The renewed CTSA grant award to Weill Cornell will create opportunities for the CTSC to build upon the accomplishments of the initial funding period. Examples of CTSC program accomplishments include the successful multi-institutional “Heart to Heart” campaign that provides free screenings and physician consultations for cardiovascular disease and diabetes to the underserved communities in NYC; expanded high-quality mental health education and support for New York National Guard bases in remote locations using sophisticated video conferencing technology; and significant funding support for research studies involving smokers and chronic lung disease.
The CTSC will continue to focus on advancing translational science discoveries in the full range of clinical areas such as cancer, diabetes, AIDS, cardiovascular disease, women’s health, reproductive medicine, geriatrics, psychiatry, Alzheimer’s disease, kidney disease, obesity, multiple sclerosis, neuromuscular disorders, trauma and burns. An extensive community outreach program will continue to be an important component of the CTSC. Furthermore, the renewed funding will expand and enrich programs in drug discovery, education and mentoring; increase research resources; and enhance health care to underserved communities of New York City.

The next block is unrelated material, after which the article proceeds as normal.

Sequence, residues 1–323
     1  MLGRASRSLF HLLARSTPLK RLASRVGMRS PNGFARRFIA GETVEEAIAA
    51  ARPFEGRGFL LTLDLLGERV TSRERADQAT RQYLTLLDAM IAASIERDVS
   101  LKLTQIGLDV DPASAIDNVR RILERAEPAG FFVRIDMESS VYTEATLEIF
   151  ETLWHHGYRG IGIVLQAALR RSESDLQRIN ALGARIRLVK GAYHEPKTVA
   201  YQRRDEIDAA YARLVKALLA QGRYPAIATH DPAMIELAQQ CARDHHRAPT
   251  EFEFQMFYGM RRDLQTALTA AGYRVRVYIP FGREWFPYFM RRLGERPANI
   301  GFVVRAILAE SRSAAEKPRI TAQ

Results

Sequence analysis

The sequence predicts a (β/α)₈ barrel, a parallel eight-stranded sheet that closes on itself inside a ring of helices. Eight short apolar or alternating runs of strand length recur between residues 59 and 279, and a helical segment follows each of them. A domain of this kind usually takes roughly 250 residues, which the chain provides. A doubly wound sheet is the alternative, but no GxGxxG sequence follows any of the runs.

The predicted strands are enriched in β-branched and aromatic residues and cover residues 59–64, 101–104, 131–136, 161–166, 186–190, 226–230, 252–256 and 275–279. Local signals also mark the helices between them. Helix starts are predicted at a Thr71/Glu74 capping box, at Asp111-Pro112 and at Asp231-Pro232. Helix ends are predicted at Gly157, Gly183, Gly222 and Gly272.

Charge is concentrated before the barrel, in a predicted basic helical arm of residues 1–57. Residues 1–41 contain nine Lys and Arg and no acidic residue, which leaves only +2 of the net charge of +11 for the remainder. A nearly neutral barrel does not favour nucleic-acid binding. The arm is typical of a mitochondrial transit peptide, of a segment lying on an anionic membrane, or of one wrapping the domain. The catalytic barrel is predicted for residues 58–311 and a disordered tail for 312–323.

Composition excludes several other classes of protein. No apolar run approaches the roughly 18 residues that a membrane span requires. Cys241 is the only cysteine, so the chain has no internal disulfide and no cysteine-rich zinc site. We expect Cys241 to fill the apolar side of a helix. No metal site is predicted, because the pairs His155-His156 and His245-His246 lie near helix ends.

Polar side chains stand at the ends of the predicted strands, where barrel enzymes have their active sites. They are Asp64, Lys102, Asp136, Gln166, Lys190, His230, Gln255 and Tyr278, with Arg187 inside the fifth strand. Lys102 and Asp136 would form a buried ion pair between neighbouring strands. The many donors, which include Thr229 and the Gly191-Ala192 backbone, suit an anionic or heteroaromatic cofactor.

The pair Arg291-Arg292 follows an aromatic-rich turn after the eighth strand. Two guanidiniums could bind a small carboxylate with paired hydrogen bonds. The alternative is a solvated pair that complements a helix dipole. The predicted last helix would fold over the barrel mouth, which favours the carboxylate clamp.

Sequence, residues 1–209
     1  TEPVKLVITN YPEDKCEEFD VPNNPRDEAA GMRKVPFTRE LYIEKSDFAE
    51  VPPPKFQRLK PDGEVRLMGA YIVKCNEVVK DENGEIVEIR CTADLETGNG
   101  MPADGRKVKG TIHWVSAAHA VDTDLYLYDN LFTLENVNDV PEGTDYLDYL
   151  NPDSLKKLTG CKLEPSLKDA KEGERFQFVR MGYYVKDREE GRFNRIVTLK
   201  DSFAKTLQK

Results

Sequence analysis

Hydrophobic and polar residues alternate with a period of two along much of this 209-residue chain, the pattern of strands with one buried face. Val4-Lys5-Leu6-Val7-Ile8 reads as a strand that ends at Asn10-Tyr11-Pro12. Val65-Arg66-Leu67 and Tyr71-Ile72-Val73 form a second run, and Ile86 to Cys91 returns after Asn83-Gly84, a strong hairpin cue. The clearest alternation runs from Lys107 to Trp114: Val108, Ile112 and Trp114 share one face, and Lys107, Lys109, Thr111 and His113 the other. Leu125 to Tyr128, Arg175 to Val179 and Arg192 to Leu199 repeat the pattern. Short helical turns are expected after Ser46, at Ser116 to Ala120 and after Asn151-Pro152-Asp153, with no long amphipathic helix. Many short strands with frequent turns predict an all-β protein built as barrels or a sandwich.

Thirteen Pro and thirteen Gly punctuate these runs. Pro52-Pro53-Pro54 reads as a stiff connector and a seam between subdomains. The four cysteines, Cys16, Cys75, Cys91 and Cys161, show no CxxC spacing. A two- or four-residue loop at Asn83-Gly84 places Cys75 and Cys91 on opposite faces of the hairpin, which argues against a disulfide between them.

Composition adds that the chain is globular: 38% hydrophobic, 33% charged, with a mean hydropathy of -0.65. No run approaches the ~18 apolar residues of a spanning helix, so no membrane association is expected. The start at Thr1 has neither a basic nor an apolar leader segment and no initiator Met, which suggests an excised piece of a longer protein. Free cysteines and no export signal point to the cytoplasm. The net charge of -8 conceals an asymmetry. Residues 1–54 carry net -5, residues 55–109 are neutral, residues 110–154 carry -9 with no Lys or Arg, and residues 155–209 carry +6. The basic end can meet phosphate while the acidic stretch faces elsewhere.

Clinical Translational Science Awards are transforming how clinical and translational research is conducted. The CTSA initiative grew out of the NIH’s commitment to re-engineer the clinical research enterprise, one of the key objectives of the NIH Roadmap for Medical Research. The CTSC at Weill Cornell provides an environment for optimal use of the multi-institutional assets and the diversity of the Center’s patient population to move translational research seamlessly from bench to bedside and to the community. The CTSC acts as a conduit through which essential resources, technological tools and education programs for all partners can be efficiently shared and managed. The Center funds promising new areas of research, especially collaboration between multiple disciplines. In addition, the CTSC is committed to training the next generation of clinical and translational scientists through pre- and post-doctoral training awards. The Center facilitates research at all levels by providing direct funding and also information on external funding opportunities.
The NIH’s CTSA grants are directed by National Center for Advancing Translational Sciences (NCATS) Division of Clinical Innovation. Launched in 2011, NCATS supports approximately 60 medical research institutions in 30 states that work together to improve the way clinical and translational research is conducted nationwide to enhance its efficiency and quality. Its goals are to accelerate the process of translating laboratory discoveries into treatments for patients, to engage communities in clinical research efforts and to train a new generation of clinical and translational researchers.
For more information about Weill Cornell’s Clinical and Translational Science Center, visit weill.cornell.edu/ctsc/.